Prices of Turkish dried fruit remain supported this week, following the recent election, with values expected to hold for the time being on the back of a strong local currency.
The recent vote in Turkey on the proposed change in the constitution resulted in a narrow victory for the President and an extension of the current state of emergency. The Turkish lira remains strong at between TRL3.6T-3.8T to USD1.00. This should help maintain present prices of Turkish dried fruits.
Prices of Turkish sultanas remain unchanged week over week with offers available between USD1,200-1,300 per tonne fob Izmir for specially cleaned type no 9 quality. This year, reports are that the fruit has been good quality with plenty of light colour berries. Weather conditions remain favourable for the new crop so it seems likely that prices will remain at this level for the foreseeable future.
The proximity of the Ramadan religious holiday will increase demand in Turkey from local markets for all types of dried fruits but, so far, no shortages are reported with the exception of Turkish figs, where available stocks of good quality raw material are limited.
There have been some reports of issues with higher than usual levels of ochratoxin in Turkish vine fruits imported into the EU. It is reported that a proposal has been made to increase the percentage of imports that are tested on arrival in the EU. Most reliable importers do, however, ensure that their suppliers provide regular test results and fruit is generally tested on arrival to ensure it complies with current MRLs for mycotoxins.
The UK continues to be the major export customer for Turkish sultanas and raisins. It is reported that there has been an increase in demand in some European countries for Iranian vine fruits this year but, due to ongoing political issues, the UK market seems reluctant to move away from using Turkish vine fruits for the time being.
Major US packers are starting to increase their prices for Thompson seedless raisins. It is unclear whether this is due to an increase in demand or pressure from the domestic US market. The good news, however, is that the value of sterling has jumped by over 3% during the past week which should help stimulate sales of US raisins and other dried fruits. As an indication, good quality US Select raisins remain available between USS0.88-0.90 pound c&f Felixstowe for shipment through until October 2017.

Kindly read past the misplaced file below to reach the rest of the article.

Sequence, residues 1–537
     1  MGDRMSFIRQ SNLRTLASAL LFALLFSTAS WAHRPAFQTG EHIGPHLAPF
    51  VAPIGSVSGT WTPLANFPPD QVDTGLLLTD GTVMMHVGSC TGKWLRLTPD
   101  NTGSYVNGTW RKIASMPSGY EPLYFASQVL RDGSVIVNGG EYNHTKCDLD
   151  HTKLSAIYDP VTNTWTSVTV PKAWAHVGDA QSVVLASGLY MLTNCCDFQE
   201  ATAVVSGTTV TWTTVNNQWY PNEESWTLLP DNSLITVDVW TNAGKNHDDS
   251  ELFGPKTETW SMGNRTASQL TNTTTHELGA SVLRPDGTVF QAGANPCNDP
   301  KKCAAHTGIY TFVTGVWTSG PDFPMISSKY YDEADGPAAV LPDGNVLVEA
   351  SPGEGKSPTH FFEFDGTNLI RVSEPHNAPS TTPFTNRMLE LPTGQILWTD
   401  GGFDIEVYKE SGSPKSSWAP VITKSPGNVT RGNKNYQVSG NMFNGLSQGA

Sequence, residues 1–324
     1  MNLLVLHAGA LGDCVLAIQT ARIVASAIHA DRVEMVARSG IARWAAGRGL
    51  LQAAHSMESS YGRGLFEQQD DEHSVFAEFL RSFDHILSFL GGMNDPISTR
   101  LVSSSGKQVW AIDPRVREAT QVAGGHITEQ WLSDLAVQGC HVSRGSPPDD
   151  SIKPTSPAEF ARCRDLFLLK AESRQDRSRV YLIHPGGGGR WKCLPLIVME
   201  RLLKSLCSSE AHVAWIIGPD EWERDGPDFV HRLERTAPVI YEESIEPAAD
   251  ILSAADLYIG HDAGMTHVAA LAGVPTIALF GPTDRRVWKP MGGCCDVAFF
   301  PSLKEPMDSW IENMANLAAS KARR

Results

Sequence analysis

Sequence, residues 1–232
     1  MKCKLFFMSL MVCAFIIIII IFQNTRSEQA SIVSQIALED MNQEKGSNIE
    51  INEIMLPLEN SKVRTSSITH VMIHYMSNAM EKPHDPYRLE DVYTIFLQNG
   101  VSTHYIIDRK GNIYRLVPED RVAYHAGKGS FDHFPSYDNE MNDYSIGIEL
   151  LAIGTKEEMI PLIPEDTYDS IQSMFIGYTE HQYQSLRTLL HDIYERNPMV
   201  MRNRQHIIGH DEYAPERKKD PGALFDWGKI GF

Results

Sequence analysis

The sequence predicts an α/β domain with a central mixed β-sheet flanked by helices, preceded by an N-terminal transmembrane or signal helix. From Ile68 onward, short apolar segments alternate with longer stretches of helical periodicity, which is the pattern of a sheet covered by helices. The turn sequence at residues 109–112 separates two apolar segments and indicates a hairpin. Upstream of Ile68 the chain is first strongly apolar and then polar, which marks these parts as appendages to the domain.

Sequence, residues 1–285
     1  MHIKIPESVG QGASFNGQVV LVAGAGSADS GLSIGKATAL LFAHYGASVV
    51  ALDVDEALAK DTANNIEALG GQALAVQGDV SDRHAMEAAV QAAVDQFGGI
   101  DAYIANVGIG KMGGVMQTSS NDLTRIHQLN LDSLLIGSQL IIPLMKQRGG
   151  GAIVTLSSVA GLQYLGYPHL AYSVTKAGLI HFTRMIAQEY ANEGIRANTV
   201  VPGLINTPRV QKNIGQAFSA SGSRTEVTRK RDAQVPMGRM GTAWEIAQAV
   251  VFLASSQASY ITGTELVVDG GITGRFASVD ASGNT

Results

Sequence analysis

The Turkish apricot market remains in a state of flux with prices unchanged as farmers continue to monitor local weather conditions. So far there are no serious reports of frost or hail damage and there will probably be a good crop this year to add to the carry-over at the end of the season. Prices could therefore reduce from today’s levels once the fruit is safely harvested.
This year has seen good availability of all types of dried vine fruits, with most origins able to meet any new orders without difficulty. The exception is Greece, where a much smaller currants crop has resulted in
higher prices and a general lack of availability. This situation does not seem likely to change soon although the arrival of the first new shipments of South African currants will give major users an alternative source of supply.